‘You cant manage what you don’t measure’ is more of a business quote but applies strongly to improvement in artistic skills. If there is little structure to your aims and aspirations it is difficult to see how you will progress or how you can gauge improvement because there is nothing to measure.
The simple answer is to ask yourself ‘what improvement in my drawing skills do I want to see in the next six months, twelve months, five years?’ Imagine yourself being able to draw as well as some of your inspirational cartoonists over a given period of time.
Lock that in and then ask – ‘what do I need to do to get there?’ Then set out a plan to achieve it.
One of my earlier goals was to get my cartoons published in a National Magazine. To do this I needed to drastically improve.
My plan was to do as much free work as possible, which would create deadlines and put pressure on me to get the jobs done. I also made myself practice drawing every single day. It worked and I have had work published in many magazines and books (see right). It took a long time to get there but I got there in the end because I had a goal, I had a process to reach that goal (which was measurable as I could see my progress as I put in more effort) and I also had determination. Determination gets easier to maintain with your goals are set and a plan of action is in place.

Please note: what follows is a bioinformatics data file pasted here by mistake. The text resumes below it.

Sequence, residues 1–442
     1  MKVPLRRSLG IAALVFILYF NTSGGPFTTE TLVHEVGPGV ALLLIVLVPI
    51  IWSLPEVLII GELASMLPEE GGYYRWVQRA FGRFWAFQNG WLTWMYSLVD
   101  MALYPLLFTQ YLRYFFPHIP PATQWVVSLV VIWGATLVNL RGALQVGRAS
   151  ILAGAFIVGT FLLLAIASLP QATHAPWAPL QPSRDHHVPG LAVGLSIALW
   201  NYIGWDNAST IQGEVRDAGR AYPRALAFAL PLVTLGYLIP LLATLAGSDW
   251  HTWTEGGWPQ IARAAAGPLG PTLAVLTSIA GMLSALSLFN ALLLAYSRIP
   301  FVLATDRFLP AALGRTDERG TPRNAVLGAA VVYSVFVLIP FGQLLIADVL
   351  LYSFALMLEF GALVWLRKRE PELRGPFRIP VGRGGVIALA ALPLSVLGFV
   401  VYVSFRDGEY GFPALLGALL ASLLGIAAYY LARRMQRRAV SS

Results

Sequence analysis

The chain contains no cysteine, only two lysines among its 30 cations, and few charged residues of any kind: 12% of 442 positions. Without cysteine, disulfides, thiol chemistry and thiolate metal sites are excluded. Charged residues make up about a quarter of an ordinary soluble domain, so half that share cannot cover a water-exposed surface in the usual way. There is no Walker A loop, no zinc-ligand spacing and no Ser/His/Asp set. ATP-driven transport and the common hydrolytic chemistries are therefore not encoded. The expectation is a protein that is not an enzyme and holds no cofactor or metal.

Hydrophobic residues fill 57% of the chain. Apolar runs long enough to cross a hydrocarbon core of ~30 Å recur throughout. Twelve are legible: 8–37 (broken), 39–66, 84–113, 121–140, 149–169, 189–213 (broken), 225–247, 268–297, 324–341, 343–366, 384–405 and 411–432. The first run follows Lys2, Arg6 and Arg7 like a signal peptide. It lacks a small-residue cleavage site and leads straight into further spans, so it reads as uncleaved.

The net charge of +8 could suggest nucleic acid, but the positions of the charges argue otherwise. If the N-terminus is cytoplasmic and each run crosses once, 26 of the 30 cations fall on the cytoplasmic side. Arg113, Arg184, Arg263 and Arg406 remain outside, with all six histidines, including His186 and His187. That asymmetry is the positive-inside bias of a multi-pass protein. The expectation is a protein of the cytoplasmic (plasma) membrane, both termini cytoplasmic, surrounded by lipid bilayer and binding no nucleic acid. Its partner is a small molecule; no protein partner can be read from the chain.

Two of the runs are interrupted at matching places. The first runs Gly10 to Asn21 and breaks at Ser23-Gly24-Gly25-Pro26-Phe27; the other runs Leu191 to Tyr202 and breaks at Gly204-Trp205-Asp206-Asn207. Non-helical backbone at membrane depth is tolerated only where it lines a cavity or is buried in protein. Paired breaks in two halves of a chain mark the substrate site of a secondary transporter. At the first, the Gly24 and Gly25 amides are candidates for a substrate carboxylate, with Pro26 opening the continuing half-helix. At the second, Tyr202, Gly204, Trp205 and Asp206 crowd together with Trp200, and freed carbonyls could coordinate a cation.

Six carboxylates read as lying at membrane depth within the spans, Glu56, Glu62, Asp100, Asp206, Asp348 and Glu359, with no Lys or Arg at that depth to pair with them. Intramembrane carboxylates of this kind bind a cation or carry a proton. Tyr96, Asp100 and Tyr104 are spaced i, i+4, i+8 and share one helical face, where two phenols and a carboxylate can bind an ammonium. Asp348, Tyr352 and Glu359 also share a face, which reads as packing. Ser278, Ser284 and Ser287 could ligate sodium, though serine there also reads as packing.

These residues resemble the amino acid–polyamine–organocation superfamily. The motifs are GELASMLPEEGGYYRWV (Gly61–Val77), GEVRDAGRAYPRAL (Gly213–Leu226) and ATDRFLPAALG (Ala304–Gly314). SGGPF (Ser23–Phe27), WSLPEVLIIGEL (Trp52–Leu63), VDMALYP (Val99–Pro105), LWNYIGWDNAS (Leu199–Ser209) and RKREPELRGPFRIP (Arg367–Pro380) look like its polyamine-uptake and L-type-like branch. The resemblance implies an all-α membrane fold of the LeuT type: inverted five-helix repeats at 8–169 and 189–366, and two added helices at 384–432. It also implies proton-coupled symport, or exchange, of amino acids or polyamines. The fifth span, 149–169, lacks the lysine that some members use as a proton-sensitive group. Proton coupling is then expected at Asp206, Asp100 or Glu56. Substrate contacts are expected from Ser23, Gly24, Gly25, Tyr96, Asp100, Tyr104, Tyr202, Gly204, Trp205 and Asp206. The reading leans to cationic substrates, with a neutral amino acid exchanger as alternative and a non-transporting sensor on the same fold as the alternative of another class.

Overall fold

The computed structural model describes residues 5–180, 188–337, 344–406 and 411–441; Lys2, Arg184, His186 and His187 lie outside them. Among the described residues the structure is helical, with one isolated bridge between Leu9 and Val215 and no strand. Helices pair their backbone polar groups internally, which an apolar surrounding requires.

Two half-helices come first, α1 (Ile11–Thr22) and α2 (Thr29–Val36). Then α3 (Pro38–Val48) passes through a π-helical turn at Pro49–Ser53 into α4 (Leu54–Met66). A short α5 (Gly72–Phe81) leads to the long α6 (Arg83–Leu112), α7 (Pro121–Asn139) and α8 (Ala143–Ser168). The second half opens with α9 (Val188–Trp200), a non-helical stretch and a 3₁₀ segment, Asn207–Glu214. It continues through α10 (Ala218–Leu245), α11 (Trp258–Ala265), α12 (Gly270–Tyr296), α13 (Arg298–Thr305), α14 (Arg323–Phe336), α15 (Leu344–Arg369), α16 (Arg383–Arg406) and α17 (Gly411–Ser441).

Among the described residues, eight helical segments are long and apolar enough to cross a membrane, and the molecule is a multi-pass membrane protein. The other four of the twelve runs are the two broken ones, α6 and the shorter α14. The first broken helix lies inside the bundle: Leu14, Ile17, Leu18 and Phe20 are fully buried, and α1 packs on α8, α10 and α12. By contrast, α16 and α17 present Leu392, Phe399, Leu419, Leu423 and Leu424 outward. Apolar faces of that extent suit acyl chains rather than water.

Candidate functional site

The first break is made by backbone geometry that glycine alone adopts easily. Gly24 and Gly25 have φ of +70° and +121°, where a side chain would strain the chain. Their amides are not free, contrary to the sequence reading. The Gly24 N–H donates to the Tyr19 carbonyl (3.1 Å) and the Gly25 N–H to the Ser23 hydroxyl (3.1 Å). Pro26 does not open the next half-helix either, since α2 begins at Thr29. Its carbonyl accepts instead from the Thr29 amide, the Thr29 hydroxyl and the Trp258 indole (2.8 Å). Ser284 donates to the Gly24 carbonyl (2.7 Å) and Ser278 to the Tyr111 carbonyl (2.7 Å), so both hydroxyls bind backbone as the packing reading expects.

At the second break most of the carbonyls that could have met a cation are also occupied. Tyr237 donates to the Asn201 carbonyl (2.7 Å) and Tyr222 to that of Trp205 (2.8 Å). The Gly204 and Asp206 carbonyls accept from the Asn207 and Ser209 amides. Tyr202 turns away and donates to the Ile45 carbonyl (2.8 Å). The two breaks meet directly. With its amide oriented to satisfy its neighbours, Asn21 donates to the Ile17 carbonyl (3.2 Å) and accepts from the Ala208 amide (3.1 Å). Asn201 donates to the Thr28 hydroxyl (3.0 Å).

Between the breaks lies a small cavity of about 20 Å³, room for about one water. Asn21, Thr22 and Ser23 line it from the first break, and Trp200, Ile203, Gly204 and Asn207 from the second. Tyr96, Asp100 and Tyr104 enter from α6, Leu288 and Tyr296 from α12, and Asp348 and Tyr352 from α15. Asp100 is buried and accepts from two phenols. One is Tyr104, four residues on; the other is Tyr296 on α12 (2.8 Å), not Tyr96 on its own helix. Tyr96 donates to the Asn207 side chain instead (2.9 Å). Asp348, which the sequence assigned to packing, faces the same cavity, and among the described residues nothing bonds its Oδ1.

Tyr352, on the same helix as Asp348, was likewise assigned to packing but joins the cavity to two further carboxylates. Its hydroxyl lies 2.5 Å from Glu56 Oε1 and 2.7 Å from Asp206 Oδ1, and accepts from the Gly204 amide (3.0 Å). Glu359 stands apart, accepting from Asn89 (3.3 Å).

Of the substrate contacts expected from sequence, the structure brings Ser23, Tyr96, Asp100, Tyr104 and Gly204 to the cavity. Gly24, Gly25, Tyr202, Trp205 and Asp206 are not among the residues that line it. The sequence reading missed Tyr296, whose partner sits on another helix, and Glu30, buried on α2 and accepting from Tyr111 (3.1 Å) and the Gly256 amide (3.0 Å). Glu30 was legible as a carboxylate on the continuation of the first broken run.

Just remember this other quote (one of mine) – ‘Procrastination is the mother of detention’. Procrastination keeps you behind and locked in at one level, stopping you moving on and getting better. If you are focussed and have a burning ambition you won’t be caught in artistic limbo!
A simple tip – keep your pens, pencils,paper or graphics tablet in your face. If they are neatly stored away out of sight they will be out of mind. Put them where you literally have to trip over them!
There you have it – six tips showing you how to improve your drawing skills. If you follow these you cannot fail to become a better artist.
Don’t forget to look at my simple drawing challenge exercise to keep your creative mind on high activity